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Ex-House speaker runs for reelection despite federal charges

Larry Householder.jpg
Posted at 3:56 PM, Oct 17, 2020
and last updated 2020-10-17 15:56:38-04

COLUMBUS, Ohio (AP) — The race in the rural Ohio district of disgraced ex-Ohio House Speaker Larry Householder now includes four write-in candidates attempting to unseat the once-powerful politician ,who has refused to step aside from his reelection bid despite facing charges in a $60 million bribery scheme.

The four challengers — of varied parties and backgrounds — are unified in their attacks on Householder’s questionable ethics and his role in passing a nuclear bailout bill at the center of the scandal that now faces renewed scrutiny at the Statehouse. Still, a Householder victory appears likely in District 72, given his strong ties in his native Perry County and an endorsement by the local Republican Party.

He is the only candidate listed on the ballot, having fielded no Democratic challenger. The heavily Republican district also covers Coshocton County and Licking County in east-central Ohio.

The write-in candidates are 20-year-old Kaitlyn Clark, a college student from Coshocton; Republican Jay Conrad, a 29-year-old Marine veteran and college student from New Lexington; Robert Leist, a 51-year-old maintenance coordinator and Libertarian from Coshocton; and Marci McCaulay, a 69-year-old psychologist and Democrat from Thornville. Clark’s political party is not listed with the election board.

While each candidate has different policy plans for the district, all of them agreed the district’s residents deserve ethical representation in the Ohio House in the wake of Householder’s arrest and indictment.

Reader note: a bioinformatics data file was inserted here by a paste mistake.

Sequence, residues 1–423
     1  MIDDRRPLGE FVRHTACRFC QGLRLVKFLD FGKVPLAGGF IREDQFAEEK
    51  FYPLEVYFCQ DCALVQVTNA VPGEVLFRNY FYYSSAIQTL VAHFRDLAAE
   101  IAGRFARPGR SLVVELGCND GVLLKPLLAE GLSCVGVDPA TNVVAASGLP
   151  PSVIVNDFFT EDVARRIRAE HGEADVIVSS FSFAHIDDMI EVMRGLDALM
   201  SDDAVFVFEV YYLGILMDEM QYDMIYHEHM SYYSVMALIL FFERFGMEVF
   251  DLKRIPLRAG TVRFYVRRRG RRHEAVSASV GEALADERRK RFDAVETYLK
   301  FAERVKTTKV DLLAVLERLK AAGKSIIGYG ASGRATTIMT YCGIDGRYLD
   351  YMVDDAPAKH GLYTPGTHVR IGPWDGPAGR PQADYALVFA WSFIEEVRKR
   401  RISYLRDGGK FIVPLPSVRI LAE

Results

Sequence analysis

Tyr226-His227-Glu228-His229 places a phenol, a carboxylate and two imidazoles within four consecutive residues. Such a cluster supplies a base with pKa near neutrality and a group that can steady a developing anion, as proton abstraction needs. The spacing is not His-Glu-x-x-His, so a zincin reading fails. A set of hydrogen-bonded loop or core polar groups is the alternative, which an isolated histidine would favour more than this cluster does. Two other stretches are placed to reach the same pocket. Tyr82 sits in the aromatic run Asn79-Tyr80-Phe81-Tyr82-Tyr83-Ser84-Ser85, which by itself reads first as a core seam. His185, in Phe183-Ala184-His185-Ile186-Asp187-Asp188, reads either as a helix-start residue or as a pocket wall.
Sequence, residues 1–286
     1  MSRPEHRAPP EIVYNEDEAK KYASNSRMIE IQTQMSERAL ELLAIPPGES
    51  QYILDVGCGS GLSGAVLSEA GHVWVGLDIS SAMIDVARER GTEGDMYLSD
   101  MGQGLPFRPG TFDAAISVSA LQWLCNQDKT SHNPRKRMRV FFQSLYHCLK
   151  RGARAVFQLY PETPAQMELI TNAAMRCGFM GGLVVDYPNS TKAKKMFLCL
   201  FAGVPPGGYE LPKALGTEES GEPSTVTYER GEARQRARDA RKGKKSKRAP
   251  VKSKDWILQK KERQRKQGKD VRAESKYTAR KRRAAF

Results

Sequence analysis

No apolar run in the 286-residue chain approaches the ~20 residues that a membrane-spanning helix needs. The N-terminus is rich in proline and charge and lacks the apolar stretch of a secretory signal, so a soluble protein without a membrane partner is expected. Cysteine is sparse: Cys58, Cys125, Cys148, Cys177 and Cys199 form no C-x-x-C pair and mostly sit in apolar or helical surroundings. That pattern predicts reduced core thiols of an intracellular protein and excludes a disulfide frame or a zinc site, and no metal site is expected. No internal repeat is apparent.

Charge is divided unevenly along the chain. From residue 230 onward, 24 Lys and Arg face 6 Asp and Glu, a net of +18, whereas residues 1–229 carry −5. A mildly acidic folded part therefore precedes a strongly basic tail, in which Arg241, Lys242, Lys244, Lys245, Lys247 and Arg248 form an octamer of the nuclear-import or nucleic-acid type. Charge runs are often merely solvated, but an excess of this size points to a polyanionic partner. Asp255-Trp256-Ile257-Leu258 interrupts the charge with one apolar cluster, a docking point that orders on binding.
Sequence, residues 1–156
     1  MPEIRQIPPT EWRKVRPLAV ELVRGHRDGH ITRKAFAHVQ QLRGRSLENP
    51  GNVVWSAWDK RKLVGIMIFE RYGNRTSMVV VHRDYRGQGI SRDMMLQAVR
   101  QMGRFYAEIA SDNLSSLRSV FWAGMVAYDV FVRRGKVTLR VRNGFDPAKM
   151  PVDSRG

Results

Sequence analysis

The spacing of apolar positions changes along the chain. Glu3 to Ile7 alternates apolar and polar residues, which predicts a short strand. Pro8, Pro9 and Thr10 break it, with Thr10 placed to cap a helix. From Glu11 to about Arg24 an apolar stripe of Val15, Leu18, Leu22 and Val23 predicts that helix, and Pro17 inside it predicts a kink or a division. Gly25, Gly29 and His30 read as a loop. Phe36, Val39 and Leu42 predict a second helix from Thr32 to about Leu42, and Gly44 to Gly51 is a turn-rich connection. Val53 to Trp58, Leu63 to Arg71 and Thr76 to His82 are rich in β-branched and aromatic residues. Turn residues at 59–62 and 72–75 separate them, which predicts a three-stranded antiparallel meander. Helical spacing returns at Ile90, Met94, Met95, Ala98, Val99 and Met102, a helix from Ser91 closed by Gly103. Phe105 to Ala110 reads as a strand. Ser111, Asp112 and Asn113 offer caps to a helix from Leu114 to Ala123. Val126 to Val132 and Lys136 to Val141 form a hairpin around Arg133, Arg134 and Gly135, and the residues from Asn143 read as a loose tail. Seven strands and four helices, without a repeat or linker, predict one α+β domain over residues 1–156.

All the candidates have also said they support a repeal of House Bill 6, the nuclear bailout bill at the center of the federal investigation that led to Householder’s ouster as house speaker in July. The candidates made their case for the seat during an Oct. 10 debate that Householder was invited to participate in but did not attend.

The two-time lawmaker was charged in July with racketeering charges in the alleged bribery scheme to pass a $1.3 billion bailout of two Ohio nuclear plants. Householder was one of the driving forces behind the nuclear plants’ financial rescue, which added a new fee to every electricity bill in the state and directed over $150 million a year through 2026 to the plants near Cleveland and Toledo.

Hours after FBI agents raided Householder’s farm, U.S. Attorney David DeVillers described the ploy as likely the largest bribery and money-laundering scheme that had “ever been perpetrated against the people of the state of Ohio.”

Also charged were Householder’s adviser Jeffrey Longstreth, longtime Statehouse lobbyist Neil Clark, former Ohio Republican Party Chairman Matthew Borges and Juan Cespedes, co-founder of The Oxley Group, a Columbus-based consulting firm. All five men have pleaded not guilty.

Less than two weeks after his arrest, the House voted to remove Householder as speaker, replacing him with Republican Rep. Bob Cupp, a man that members of the GOP party have deemed the antithesis to Householder.

However, Householder has ignored calls to give up his House seat even as the federal charges loom above his reelection campaign along with the several other probes that have surfaced since, including ones brought on by the state Attorney General’s office and election chief.

Republican Secretary of State Frank LaRose has called for Householder to step down from office. He also noted how this situation is a good example of why political parties should ensure they have candidates running in every race.

Householder’s Republican colleagues in the House considered removing him from the chamber immediately but, if they did so before Nov. 3, voters would be able to reelect him, and a lawmaker cannot be expelled twice. The only option now for both parties is to wait until the legislative session begins in January to consider expelling or impeaching Householder.

If reelected, Householder would be automatically removed from office if he is convicted of conspiracy to commit racketeering, as Ohio law prohibits anyone convicted of a felony or bribery charges from holding public office.